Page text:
Theme Of Huckleberry Finn Essay

Huckleberry Finn is a novel by Mark Twain that contains certain themes that are prevalent throughout the novel. Huckleberry Finn is about Huckleberry Finn, an old friend of Tom Sawyer who goes on an adventure with Jim, a runaway slave. Huckleberry Finn deals with several themes throughout the story. The major theme in Huckleberry Finn is the idea of coming of age. Huckleberry Finn is said to be transitioning from childhood to adulthood throughout the novel.

Huckleberry begins adolescence after several incidents during his adventure on the Mississippi River with Jim, including saving Jim’s life and realizing that he has both done wrong and right by helping runaway slaves (Slaves). Huckleberry also becomes aware of racism in society through his interactions with Jim; Huckleberry believes that blacks are not inferior to whites like most people do at this time (American History – Slavery In US).

After Huck witnesses these events, he realizes that society does not need to follow its rules (Slaves) . Another major theme in Huckleberry Finn is reality vs. appearance. The book heavily deals with the difference between reality and appearance, Huckleberry Finn deals with this because Huckleberry goes on an adventure to escape his current life in society. Huckleberry has many encounters that force him to distinguish between how things appear to be and how they actually are (Slaves) .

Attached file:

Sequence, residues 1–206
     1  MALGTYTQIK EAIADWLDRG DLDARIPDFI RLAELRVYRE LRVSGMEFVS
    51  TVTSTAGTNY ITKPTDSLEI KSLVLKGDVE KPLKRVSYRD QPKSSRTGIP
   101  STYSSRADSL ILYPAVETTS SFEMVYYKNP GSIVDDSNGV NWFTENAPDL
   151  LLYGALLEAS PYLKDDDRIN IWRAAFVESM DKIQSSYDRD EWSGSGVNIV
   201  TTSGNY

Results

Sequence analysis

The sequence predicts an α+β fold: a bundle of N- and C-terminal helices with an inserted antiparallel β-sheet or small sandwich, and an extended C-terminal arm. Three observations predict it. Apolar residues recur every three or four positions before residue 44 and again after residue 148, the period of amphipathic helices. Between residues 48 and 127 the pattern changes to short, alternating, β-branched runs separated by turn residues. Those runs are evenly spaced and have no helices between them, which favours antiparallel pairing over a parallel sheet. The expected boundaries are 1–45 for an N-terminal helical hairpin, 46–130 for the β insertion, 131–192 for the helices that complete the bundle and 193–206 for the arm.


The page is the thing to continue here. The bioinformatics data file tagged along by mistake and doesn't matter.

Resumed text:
Huckleberry Finn is a novel about Huckleberry Finn, a young boy growing up along the Mississippi River. Huckleberry was raised by a drunkard father who he did not care much for. Huckleberry made friends with Tom Sawyer, who introduced Huck to literature such as The Adventures of Robinson Crusoe and The Pilgrim’s Progress (Huck – Influence). Father dies, Hucky runs away from his drunkard relatives where he runs into the escaped slave Jim and they begin to travel down the Mississippi River.

Mark Twain’s Huckleberry Finn is an 1884 novel. Huckleberry Finn, the protagonist of the novel, begins by running away from his abusive father. Huckleberry makes his way to Jackson’s Island on the Mississippi River. Huckleberry befriends Jim, a runaway slave who was enslaved due to being accused of burning down his owner’s barn for insurance money. During their journey Huckle- berry and Jim develop a close bond; meanwhile Huck becomes more mature and educated throughout the book.

I believe that Huckleberry Finn is a novel about growing up and learning what it means to be free despite obstacles such as slavery and social norms like racism and gender roles/expectations. One theme I found most prominent in Huckleberry Finn is growing up and how Huckleberry progresses through the novel. Huckleberry starts the novel as a boy who values freedom over anything else, yet he doesn’t have many responsibilities.